Vaccination of children and teenagers to prevent cervical cancer
In Europe, 15,000 women die from cervical cancer each year. In Ireland, it results in around 180 new cases and 80 deaths every year. Human papillomaviruses (HPVs) play a key role in this cancer’s aetiology. Recently, effective vaccines have been developed against HPV, which raises the possibility of preventing cervical cancer. This review examines the evidence both for and against the vaccination of children and teenagers for HPV to protect against cervical cancer. Randomised controlled trials of HPV vaccines have demonstrated their immunogenicity, and ability to prevent incident and persistent type-specific HPV infection, and the associated cytological abnormalities of the cervix. Vaccination of children and teenagers remains controversial, as the long-term impact of these vaccines remains unknown. Important ethical issues have also emerged around the prospect of mandatory vaccination programmes. However, most gynaecologic oncologists have embraced this step as a proven preventive strategy. Further well-designed studies of vaccines are needed to guide clinicians’ decision-making.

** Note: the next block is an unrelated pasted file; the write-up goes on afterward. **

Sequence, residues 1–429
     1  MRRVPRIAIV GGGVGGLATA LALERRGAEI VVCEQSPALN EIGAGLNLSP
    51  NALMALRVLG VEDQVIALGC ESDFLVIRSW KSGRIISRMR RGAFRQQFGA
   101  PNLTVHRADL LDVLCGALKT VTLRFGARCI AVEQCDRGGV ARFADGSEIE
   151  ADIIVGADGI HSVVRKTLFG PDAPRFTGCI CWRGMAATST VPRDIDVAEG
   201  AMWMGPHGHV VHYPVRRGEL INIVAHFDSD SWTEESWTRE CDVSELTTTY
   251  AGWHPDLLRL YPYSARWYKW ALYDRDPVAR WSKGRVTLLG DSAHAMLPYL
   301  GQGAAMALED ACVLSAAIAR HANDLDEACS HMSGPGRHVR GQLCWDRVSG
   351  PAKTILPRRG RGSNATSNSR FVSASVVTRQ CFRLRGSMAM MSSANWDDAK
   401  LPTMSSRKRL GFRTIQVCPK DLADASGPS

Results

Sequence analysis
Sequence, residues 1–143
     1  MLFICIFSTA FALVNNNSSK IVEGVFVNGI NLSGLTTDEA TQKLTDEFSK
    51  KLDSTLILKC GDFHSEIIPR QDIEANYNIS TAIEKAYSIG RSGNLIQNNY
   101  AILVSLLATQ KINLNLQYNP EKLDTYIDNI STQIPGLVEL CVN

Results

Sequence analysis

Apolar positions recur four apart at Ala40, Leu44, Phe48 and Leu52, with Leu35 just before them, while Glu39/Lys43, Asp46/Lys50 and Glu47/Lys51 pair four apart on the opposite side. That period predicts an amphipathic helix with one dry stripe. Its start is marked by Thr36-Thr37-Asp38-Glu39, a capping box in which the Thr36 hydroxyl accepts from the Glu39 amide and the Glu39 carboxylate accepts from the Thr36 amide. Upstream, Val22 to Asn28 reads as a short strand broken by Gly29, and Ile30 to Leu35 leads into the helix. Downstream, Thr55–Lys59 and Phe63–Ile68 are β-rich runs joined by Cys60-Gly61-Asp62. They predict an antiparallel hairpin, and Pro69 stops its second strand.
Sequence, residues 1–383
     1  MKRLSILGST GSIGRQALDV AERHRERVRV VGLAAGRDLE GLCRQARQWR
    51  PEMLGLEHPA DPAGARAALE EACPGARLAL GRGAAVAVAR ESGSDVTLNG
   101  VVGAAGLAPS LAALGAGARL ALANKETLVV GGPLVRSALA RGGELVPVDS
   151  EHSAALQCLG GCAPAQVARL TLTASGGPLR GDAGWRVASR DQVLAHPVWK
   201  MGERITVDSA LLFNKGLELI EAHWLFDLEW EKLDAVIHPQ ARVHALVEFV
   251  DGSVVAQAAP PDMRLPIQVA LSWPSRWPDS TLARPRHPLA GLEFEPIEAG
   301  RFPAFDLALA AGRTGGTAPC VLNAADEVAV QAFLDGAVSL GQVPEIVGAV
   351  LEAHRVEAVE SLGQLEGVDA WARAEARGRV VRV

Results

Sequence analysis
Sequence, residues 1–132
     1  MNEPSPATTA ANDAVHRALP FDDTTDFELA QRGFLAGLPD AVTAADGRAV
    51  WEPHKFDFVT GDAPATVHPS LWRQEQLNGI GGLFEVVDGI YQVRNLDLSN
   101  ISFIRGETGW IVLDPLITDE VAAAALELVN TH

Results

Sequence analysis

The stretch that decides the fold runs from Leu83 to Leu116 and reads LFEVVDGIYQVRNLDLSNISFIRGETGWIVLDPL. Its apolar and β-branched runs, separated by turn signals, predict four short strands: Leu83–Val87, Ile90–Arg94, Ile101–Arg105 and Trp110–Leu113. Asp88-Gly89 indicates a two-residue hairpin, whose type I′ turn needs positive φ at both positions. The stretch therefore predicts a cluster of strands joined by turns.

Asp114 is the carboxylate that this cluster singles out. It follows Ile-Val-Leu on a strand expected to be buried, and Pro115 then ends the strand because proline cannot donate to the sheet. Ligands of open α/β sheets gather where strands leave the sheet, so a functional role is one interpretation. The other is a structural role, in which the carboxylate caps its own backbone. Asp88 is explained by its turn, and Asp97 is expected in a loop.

CommentsThe original article is available at http://www.rcsismj.com/ Part of the RCSIsmj collection 2007-8 https://doi.org/10.25419/rcsi.c.6655157.v1
Published CitationO’Connor C, Malone F. Vaccination of children and teenagers to prevent cervical cancer RCSIsmj. 2008;1(1):41-46
- Obstetrics and Gynaecology
- Undergraduate Research
PublisherRCSI University of Medicine and Health Sciences
- Published Version (Version of Record)